A photoresist 120 is deposited over the second insulating layer, as shown in FIG. 1. The photoresist 120 is patterned and etched to remove the photoresist 120 from the regions 122 to be silicided. The photoresist 120 is left remaining over the remainder of the workpiece 101, in particular, over the regions between the first and second conductive lines 112 and 114. It is desirable that no conductive material be deposited between the first and second conductive lines 112 and 114, because that could create shorts and cause device failures.
With the photoresist 120 left remaining on the workpiece 101, an etch is performed to remove the first and second insulating layer 116 and 118 from the top surface of the first conductive lines 112 and from the top surface of the active region 106, as shown in FIG. 2. The etch preferably comprises a two-process etch, using a first predominantly anisotropic etch adapted to remove the second insulating material 118 from the top surfaces while leaving the second insulating material 118 on the sidewalls, e.g. at 132, of the first conductive lines 112. The second etch process is preferably a predominantly isotropic etch selective to nitride 132 and 126, adapted to remove the first insulating material 116 from the top surfaces 124 and 128 of the first conductive lines 112 and active region 106, respectively. During the second etch process, the nitride layer 132 protects the underlying doped oxide 130, so that a spacer comprised of first insulating layer 130 and second insulating layer 132 is left remaining on the sidewalls of the first conductive lines 112. Note that due to the nature of the etch process, a relatively small portion 126 of the first insulating layer 116 may remain over a portion of the top edge of the first conductive lines 112. This portion may have a tapered edge, and the nitride region 132 that remains on the sidewall of the first conductive lines 112 may have a downwardly-sloping top region, as shown.
Referring next to
The silicide material 134 and 136 is preferably formed by exposing the workpiece 101 to a gas containing an element such as cobalt. The cobalt reacts with the top surface of the silicon or semiconductor material, forming the silicide at the top surface. Alternatively, the silicide material 134 and 136 may be formed by chemical vapor deposition (CVD), physical vapor deposition, (PVD), or by another deposition means, as examples. The silicide material 134 and 136 preferably comprise active CoSi, although the silicide material 134 and 136 may alternatively comprise other silicides, for example. Preferably, the silicide material 134 and 136 comprise a material having a high conductivity. Preferably, the deposition method used is selective such that no silicide is formed over the nitride layer 126 or 132, or over the first insulating layer 130.
Referring now to
Next, the third insulating layer 138 is patterned and etched to form a pattern for a plug 140. A conductive material 140 such as tungsten or other metals or semiconductors, as examples, is deposited over the third insulating layer 138. The conductive material 140 abuts the silicide layer 134 formed on top of the active region 106. Third conductive lines 142 that preferably run substantially perpendicular or in a different direction from first and second conductive lines 112 and 114 may be formed over the third insulating layer 138. The plug 140 of conductive material functions as a via to connect the third conductive line 142 to the silicide material 134 of the underlying active region 106. The third conductive line 142 may comprise a bitline of the memory device, for example, and may comprise copper, or other conductors or semiconductors, for example. The third conductive line 142 may also include a liner such as titanium nitride (not shown), deposited prior to the deposition of the conductive material. The silicide layer 134 improves the resistance of the electrical connection, providing faster speed and improved performance for the device. Subsequent layers of insulating, conducting and/or semiconductor materials may then subsequently be deposited on the wafer and/or patterned, to complete the fabrication of the semiconductor device.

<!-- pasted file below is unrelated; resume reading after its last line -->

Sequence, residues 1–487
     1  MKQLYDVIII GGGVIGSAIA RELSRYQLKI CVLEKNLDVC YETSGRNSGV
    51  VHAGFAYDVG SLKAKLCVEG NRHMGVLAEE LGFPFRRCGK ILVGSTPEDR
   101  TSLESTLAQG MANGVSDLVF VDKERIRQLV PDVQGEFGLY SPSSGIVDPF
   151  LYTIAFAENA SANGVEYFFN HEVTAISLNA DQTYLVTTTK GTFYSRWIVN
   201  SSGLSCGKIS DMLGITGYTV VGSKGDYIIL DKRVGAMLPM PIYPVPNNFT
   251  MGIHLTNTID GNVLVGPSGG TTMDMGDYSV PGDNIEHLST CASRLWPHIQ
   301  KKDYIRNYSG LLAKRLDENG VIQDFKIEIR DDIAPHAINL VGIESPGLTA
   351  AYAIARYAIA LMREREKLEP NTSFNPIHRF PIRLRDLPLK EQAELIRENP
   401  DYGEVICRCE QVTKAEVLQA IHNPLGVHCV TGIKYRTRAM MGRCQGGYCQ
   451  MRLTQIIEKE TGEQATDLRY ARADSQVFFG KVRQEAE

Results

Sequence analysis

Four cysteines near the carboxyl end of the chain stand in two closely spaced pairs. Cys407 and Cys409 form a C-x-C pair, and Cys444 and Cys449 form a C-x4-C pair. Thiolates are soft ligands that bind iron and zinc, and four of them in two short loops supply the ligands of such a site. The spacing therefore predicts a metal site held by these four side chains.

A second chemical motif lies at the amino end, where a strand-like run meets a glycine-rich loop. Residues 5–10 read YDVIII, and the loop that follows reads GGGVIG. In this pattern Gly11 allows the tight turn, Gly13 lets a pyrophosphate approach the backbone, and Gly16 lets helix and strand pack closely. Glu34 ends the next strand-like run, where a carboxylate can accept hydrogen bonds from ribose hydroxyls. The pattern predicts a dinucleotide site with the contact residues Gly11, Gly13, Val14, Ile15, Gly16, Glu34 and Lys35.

The first, second and third conductive lines 112, 114 and 142 preferably comprise the wordlines and bitlines of the memory device, and are coupled to active components or logic devices elsewhere on the semiconductor device (not all connections are shown in the Figures.) The wordlines and bitlines 112, 114 and 142 are used to access the memory cell in order to read and/or write data, stored as a charge, from or into the storage capacitor 144, as shown in FIG. 5. More particularly, the active wordline 112 may be used to connect the gate of the transistor to the memory cell (of FIG. 5). Thus, the silicide material 136 formed over the first wordlines 112 reduces the resistance of the connection to other components or logic devices (this connection is not shown; it is made elsewhere on the semiconductor device, for example, in a plane parallel to the page, along the length of the wordline 112). The reduction in resistance improves device performance so that the memory device may operate faster. In